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Warren Gatland not impressed by son's match winner

Gatland, the acclaimed British and Irish Lions coach and former Wales mentor is now steering the Chiefs who took a 27-25 lead over the Highlanders with five minutes remaining after trailing for most of the second half.

New Zealand's Warren Gatland, the head coach of the British and Irish Lions. Picture: AFP

DUNEDIN - Warren Gatland found it hard to take pleasure in his son's match-winning drop goal which saw the Otago Highlanders snatch a 28-27 victory over the Waikato Chiefs to launch New Zealand's in-house Super Rugby tournament on Saturday.

Gatland, the acclaimed British and Irish Lions coach and former Wales mentor is now steering the Chiefs who took a 27-25 lead over the Highlanders with five minutes remaining after trailing for most of the second half.

But with time almost up Bryn Gatland, a late replacement in the Highlanders side, snapped over a drop goal from nearly 40 metres to seal the match.

"I'm not happy that we lost the game but well done to him. I don't care if he's my son or not. I'll go away and have a look at that but I'm still disappointed in the result," Warren Gatland said.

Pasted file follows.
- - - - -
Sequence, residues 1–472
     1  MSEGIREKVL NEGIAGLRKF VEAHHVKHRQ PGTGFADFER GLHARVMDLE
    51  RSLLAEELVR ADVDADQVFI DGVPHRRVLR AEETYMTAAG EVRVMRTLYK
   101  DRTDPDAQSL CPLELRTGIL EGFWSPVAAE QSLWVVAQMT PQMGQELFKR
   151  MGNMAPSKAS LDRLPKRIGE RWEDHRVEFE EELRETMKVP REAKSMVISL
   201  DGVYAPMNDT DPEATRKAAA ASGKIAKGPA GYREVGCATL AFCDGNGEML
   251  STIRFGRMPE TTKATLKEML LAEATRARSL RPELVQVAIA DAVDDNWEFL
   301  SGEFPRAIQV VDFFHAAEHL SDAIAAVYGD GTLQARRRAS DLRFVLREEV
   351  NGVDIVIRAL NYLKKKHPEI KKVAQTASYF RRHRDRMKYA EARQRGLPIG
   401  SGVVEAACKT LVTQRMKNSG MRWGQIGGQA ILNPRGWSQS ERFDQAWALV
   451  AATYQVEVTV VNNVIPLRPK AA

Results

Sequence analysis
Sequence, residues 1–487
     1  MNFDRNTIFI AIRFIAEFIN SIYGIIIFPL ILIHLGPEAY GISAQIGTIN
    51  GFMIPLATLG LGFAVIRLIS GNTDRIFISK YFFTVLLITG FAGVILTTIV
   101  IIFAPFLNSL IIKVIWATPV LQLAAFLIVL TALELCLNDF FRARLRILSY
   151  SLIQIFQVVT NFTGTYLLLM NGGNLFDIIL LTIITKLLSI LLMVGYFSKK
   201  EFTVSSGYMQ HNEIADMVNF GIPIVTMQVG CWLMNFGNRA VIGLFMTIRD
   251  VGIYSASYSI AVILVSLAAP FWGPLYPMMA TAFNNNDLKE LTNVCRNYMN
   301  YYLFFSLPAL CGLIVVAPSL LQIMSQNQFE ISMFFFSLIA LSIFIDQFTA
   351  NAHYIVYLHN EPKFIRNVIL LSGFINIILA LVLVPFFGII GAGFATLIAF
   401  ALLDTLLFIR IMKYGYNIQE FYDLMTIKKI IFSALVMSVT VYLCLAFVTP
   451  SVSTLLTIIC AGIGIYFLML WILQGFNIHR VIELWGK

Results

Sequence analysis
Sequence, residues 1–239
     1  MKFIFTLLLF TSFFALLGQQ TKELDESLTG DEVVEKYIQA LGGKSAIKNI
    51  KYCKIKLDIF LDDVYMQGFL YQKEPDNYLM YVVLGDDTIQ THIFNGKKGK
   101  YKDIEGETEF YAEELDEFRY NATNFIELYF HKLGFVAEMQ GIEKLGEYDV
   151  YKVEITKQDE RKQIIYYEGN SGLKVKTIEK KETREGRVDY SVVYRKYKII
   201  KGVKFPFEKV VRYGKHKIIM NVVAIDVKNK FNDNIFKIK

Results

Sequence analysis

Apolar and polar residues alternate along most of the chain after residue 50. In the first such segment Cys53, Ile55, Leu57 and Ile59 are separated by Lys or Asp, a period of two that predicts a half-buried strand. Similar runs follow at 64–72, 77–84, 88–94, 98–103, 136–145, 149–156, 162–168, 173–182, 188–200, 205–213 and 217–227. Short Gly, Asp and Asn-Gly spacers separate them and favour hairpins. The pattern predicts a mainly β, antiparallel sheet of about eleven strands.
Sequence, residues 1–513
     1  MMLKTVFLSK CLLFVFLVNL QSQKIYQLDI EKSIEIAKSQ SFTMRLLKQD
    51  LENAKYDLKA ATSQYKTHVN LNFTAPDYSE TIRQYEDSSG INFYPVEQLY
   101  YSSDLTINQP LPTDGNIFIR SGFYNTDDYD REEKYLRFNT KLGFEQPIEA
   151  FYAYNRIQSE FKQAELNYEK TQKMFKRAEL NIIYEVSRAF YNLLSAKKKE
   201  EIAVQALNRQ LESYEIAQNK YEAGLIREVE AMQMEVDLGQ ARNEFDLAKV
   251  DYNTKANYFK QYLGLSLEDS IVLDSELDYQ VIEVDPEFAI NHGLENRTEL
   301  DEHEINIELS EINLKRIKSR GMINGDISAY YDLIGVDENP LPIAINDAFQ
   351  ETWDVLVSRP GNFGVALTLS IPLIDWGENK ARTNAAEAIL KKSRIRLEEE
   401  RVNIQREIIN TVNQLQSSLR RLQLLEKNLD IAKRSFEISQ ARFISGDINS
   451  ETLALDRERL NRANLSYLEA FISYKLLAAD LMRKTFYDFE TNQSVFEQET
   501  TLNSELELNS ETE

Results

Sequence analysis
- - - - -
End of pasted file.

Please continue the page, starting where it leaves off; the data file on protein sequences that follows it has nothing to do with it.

"We get ourselves in front and then we turn over to them, we didn't secure possession and that's the game for us."

The younger Gatland, omitted from the original Highlanders' match-day 23, learned Thursday he would likely be on the bench as fly-half Josh Ioane struggled with a groin injury, but did not tell his father.

"I had dinner last night with him and mum and halfway through dinner he got a text and said 'you're on the bench tomorrow' and I said 'I don't want to give the game plan away'."

Because of coronavirus-enforced international travel restrictions, New Zealand has launched Super Rugby Aotearoa -the Maori word for New Zealand - to provide a competition for its five Super Rugby sides.

Among rule tweaks for the championship is the introduction of a golden point to resolve matches tied at the end of regular time and Gatland said this has seen all teams practising the drop goal, an art not regularly used in New Zealand.